The research carried out by ILO in 2013 entitled Tricked and Trapped documented the prevalence of human trafficking in the Middle Eastern region, where many migrant people from South Asia work. Interestingly however, all the major labour receiving countries in the Middle East have signed and ratified the UN Convention onTransnation al Organised Crime. Several of them are also donors of the UN’s work to eradicate human trafficking. However, their record to address the problem of trafficking in their own countries is dubious. Although some campaigns are currently underway to expose the extent of forced labour and trafficking in the Middle East, further work is urgently needed. Some advocacy is happening in countries of destination to address the widespread violation of migrant workers’ rights. It would be worth putting additional pressure on the governments of the Middle Eastern countries using the anti-trafficking framework. 

GAATW-IS and many of our members have been working on the issue of Access to Justice since 2006. Following an international consultation in 2006, we carried out work in Asia, Africa and Latin America and set up a dedicated website. A toolkit to use CEDAW was also prepared in 2011 in addition to other publications. 

What are we going to do?

  • Conduct preliminary preparation and organise visits to select countries of destination;
  • Conduct a desk research for updating the Access to Justice website, desk research on destination countries and research for the case analysis workshop;
  • Organise a Case Analysis Workshop on labour exploitation for NGOs from countries of origin;
  • Organise a Case Analysis Workshop in Amman and Beirut;
  • Provide technical support/resources for project partners to do case documentation and follow-up;
  • Advocate on the international level, as per opportunity. 

Project Partners: KAFA-Lebanon, Kuwait Trade Union Federation, National Domestic Workers Movement-India, People’s Forum Nepal, Pourakhi-Nepal, Tamkeen Foundation-Jordan, OKUP-Bangladesh.

Funding support: Swiss Agency for Development and Cooperation and Women’s World Day of Prayer. 

Find out more: A Toolkit for Reporting to CEDAW on Trafficking in Women and Exploitation of Migrant Women Workers; ILO: Tricked and Trapped: Human Trafficking in the Middle East


Accountability - Projects in 2017

Critical assessment of the implementation of Anti-Trafficking legislation in Bolivia, Colombia and Guatemala, part II


Duration: January - June 2017

Location: Bolivia, Colombia and Guatemala

Beneficiaries: Trafficked persons, NGOs service providers, government agencies 

What is this project about?

GAATW and its members have questioned whether anti-trafficking initiatives are truly able to protect and promote the rights of victims: the report ‘Collateral Damage’ demonstrates the systematic failure of anti-trafficking measures to protect the human rights of trafficked persons. At the same time, the report ‘Feeling Good about Feeling Bad’ stresses the need to monitor and evaluate initiatives against trafficking and include the participation of key stakeholders, so that there is mutual accountability. In this respect, it is crucial to correctly assess the anti-trafficking initiatives implemented by governmental institutions.

To this end, in 2016 an assessment was carried out in Bolivia, Colombia and Guatemala on the specific responsibilities of public institutions to assist and protect victims and prosecute traffickers, which allows for the identification of the main successes and gaps in the implementation of anti-trafficking legislation in the three countries.The assessment was conducted by Fundación La Paz in Bolivia, Corporación Espacios de Mujer in Colombia and ECPAT in Guatemala, with the support of the International Secretariat of GAATW and Capital humano y social - Alternativo, a Peruvian NGO with experience in this kind of assessments since 2009 (see a brief overview of the project here).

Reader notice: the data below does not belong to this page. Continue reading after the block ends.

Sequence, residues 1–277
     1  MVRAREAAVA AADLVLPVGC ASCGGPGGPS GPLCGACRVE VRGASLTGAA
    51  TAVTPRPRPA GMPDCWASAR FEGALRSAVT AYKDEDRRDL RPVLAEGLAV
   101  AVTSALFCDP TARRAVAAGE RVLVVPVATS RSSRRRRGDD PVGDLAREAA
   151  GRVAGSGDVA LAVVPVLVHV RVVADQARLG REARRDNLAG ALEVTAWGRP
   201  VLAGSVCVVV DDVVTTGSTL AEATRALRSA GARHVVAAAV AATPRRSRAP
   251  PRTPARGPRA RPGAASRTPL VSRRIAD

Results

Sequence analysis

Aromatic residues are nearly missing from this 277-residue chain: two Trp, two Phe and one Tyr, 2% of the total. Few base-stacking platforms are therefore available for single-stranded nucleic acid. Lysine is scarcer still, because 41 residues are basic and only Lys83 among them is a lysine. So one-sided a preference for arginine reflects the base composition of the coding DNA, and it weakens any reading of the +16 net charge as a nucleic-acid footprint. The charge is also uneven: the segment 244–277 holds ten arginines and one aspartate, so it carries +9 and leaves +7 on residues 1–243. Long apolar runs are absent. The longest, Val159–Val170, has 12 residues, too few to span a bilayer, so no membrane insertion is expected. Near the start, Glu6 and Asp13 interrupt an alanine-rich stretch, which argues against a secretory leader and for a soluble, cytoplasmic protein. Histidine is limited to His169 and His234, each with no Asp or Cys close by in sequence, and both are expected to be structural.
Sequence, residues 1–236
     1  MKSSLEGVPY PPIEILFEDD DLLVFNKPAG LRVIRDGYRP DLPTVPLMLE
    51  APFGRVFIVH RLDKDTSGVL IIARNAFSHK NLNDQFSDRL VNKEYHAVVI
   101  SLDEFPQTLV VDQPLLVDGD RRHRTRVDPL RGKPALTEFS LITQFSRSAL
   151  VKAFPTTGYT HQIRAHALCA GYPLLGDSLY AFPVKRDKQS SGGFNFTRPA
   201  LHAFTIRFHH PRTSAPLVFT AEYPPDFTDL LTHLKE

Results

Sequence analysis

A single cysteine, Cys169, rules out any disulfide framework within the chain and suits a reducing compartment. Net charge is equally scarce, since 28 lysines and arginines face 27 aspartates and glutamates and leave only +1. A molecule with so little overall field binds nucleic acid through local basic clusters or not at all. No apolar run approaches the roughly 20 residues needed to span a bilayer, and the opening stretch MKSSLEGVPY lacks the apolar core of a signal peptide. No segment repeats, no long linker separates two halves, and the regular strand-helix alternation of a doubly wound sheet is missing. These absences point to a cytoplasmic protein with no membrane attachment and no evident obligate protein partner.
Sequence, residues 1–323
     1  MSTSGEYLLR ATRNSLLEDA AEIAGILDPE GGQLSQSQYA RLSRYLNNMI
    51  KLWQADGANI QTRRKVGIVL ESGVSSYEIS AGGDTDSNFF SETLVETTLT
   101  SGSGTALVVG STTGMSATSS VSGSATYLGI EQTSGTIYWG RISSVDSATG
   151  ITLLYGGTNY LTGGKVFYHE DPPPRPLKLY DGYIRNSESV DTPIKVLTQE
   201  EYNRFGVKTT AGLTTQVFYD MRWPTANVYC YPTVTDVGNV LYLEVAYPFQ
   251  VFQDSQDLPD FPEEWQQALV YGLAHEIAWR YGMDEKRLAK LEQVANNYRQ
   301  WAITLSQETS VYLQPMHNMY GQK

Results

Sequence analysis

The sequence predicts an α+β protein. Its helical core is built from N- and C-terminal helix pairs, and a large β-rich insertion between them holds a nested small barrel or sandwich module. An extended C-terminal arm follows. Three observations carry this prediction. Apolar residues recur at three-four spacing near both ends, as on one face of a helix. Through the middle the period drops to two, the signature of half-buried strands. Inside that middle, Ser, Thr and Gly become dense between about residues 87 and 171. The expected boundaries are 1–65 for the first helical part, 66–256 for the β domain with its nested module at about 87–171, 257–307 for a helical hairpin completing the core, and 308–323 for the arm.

It is necessary to carry out and publish this kind of assessment identifying the work done from the governmental bodies and documenting the existing situation. An annual report will allow to identify the steps back and forward in the implementation of the law and plan an advocacy and monitoring strategy in accordance with to the documented situation. 

What are we going to do? 

Through the three local organisations in Bolivia, Colombia and Guatemala, GAATW will carry out an assessment of anti-trafficking legislation to identify the existing gaps between what the legislation states and the actual services provided.

The information gathered during the assessment will be analysed in order to better understand the reasons for this gap and to be able to provide clear recommendations to the government for reducing it. To analyse the information, findings and recommendation from the 2016 reports will be used in order to compare the situation and identify the progress or lack thereof in the implementation of anti-trafficking legislation. 

The findings and recommendations from this project will be shared with the three governments and other anti-trafficking stakeholders with the aim of upholding the rights of trafficked persons through efficient delivery of services and assistance programmes. 

Project partners: CHS-Peru, Espacios de Mujeres - Colombia, Fundacion La Paz, Bolivia and ECPAT Guatemala.

Funding Support: Oak Foundation and Bread for the World

Find out more: Video Rights on Paper and Rights in Practice


Realising Rights

SELF-ORGANISED GROUPS IN THE ALLIANCE: Affirming the role of very small organisations and directly affected groups – including trafficking survivors, migrant women, sex workers, rural women, women workers, and returnee migrant women – in anti-trafficking efforts.